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A revised and updated classification for the families of flowering plants is provided. Many recent studies have yielded increasingly detailed evidence for the positions of formerly unplaced families, resulting in a number of newly adopted orders, including Amborellales, Berberidopsidales, Bruniales, Buxales, Chloranthales, Escalloniales, Huerteales, Nymphaeales, Paracryphiales, Petrosaviales, Picramniales, Trochodendrales, Vitales and Zygophyllales. A number of previously unplaced genera and families are included here in orders, greatly reducing the number of unplaced taxa; these include Hydatellaceae (Nymphaeales), Haptanthaceae (Buxales), Peridiscaceae (Saxifragales), Huaceae (Oxalidales), Centroplacaceae and Rafflesiaceae (both Malpighiales), Aphloiaceae, Geissolomataceae and Strasburgeriaceae (all Crossosomatales), Picramniaceae (Picramniales), Dipentodontaceae and Gerrardinaceae (both Huerteales), Cytinaceae (Malvales), Balanophoraceae (Santalales), Mitrastemonaceae (Ericales) and Boraginaceae (now at least known to be a member of lamiid clade). Newly segregated families for genera previously understood to be in other APG-recognized families include Petermanniaceae (Liliales), Calophyllaceae (Malpighiales), Capparaceae and Cleomaceae (both Brassicales), Schoepfiaceae (Santalales), Anacampserotaceae, Limeaceae, Lophiocarpaceae, Montiaceae and Talinaceae (all Caryophyllales) and Linderniaceae and Thomandersiaceae (both Lamiales). Use of bracketed families is abandoned because of its unpopularity, and in most cases the broader circumscriptions are retained; these include Amaryllidaceae, Asparagaceace and Xanthorrheaceae (all Asparagales), Passifloraceae (Malpighiales), Primulaceae (Ericales) and several other smaller families. Separate papers in this same volume deal with a new linear order for APG, subfamilial names that can be used for more accurate communication in Amaryllidaceae s.l., Asparagaceace s.l. and Xanthorrheaceae s.l. (all Asparagales) and a formal supraordinal classification for the flowering plants.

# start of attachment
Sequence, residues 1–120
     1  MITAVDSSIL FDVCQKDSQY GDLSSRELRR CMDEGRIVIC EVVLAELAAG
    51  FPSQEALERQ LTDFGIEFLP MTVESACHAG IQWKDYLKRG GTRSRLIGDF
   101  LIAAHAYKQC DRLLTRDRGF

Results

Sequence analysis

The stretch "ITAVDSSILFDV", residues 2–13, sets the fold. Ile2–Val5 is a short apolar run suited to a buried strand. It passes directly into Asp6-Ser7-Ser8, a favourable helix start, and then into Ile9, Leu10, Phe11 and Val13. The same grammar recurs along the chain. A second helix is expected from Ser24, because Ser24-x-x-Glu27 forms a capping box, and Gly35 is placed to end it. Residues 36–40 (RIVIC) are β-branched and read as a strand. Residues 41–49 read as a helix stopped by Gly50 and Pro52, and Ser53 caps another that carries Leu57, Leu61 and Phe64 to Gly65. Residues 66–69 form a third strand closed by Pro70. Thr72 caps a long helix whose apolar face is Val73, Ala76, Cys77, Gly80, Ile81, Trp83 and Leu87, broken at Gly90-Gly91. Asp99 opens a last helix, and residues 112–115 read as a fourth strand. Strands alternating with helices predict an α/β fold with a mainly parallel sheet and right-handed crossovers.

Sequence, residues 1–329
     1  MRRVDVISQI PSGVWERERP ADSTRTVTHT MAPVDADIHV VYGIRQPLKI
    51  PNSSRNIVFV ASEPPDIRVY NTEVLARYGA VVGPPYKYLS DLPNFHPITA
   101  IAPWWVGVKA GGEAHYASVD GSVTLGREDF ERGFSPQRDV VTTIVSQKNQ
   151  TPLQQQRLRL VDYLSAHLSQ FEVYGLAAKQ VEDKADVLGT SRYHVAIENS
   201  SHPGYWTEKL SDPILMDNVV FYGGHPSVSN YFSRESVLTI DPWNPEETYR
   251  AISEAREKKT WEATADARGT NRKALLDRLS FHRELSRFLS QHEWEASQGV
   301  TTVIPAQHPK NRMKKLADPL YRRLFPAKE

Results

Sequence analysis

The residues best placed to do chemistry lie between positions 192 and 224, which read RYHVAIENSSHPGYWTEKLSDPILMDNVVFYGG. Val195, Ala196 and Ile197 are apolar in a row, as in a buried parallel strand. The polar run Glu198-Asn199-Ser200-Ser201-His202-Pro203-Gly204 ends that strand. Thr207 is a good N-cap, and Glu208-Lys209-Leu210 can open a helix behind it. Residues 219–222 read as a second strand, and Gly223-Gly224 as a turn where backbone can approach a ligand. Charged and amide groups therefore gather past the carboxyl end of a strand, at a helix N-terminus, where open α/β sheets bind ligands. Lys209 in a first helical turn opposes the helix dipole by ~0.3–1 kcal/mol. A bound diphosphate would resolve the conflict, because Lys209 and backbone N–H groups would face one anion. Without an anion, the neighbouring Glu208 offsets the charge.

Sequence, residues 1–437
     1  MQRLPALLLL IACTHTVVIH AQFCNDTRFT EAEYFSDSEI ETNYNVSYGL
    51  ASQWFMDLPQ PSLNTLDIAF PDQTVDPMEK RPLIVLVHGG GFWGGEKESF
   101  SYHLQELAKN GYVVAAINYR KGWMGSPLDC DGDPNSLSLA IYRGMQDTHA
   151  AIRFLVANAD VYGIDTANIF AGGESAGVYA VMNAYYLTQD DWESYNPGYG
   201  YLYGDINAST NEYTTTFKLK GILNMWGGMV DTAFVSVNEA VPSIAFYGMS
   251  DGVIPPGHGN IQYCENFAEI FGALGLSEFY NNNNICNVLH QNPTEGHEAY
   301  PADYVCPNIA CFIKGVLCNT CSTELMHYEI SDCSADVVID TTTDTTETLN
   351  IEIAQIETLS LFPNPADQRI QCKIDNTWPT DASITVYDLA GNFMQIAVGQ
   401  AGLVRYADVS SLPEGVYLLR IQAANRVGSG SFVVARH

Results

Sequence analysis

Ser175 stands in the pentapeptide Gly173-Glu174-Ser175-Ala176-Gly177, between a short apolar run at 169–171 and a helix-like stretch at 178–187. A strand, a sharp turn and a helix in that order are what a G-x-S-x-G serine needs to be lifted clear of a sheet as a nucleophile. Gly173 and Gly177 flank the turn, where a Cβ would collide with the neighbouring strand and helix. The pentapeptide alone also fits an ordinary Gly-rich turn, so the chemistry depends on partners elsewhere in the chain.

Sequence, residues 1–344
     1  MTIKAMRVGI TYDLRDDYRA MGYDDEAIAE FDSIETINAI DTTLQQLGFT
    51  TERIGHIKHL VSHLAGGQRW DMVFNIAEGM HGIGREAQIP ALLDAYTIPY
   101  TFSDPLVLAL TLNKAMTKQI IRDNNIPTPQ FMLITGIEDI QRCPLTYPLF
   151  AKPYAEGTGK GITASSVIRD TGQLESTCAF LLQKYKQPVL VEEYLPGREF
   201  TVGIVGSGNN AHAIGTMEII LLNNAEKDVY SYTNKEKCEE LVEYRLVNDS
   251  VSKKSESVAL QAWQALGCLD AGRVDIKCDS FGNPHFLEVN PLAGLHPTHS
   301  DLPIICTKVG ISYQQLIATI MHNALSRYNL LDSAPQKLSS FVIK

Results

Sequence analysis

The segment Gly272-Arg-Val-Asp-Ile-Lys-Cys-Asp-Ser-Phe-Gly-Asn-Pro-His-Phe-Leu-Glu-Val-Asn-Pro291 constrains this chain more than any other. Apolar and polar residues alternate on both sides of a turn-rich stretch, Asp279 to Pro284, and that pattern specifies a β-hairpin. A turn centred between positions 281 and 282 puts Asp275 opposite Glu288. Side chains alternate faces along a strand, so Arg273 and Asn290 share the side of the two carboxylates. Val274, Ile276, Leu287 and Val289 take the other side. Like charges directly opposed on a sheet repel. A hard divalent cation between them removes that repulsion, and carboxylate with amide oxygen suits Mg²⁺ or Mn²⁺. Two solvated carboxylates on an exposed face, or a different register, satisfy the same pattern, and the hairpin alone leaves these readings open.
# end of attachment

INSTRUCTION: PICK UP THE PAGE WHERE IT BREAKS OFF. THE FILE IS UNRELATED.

Ximenynic acid is a conjugated enyne fatty acid, which is currently of interest due to its anti-inflammatory activity. Due to the association between inflammation and cancer, the present study was designed to investigate the anti‑cancer activity of ximenynic acid in the HepG2 human hepatoma cell line and the underlying mechanisms. The current study demonstrated the anti‑proliferation and pro‑apoptosis activities of ximenynic acid by cell viability assay and flow cytometry analysis. The expression of anti‑apoptosis protein silent information regulator T1 (SIRT1) was significantly suppressed by ximenynic acid. Furthermore, ximenynic acid blocked G1/S phase transition by inhibiting the protein expression of the cell cycle‑associated protein general control of amino acid synthesis yeast homolog like 2 (GCN5L2), and the mRNA expression of cyclin D3 and cyclin E1. Furthermore, ximenynic acid suppressed the expression of angiogenesis‑associated genes, including vascular endothelial growth factor (VEGF)‑B and VEGF‑C. Finally, ximenynic acid significantly inhibited the expression of cyclooxygenase‑1 (COX‑1) mRNA and protein, however COX‑2 expression was not reduced. The results of the present study suggested that ximenynic acid may inhibit growth of HepG2 cells by selective inhibition of COX‑1 expression, which leads to cell cycle arrest, and alters the apoptosis pathway and expression of angiogenic factors. The current study aimed to investigate whether ximenynic acid might be developed as novel anticancer agent.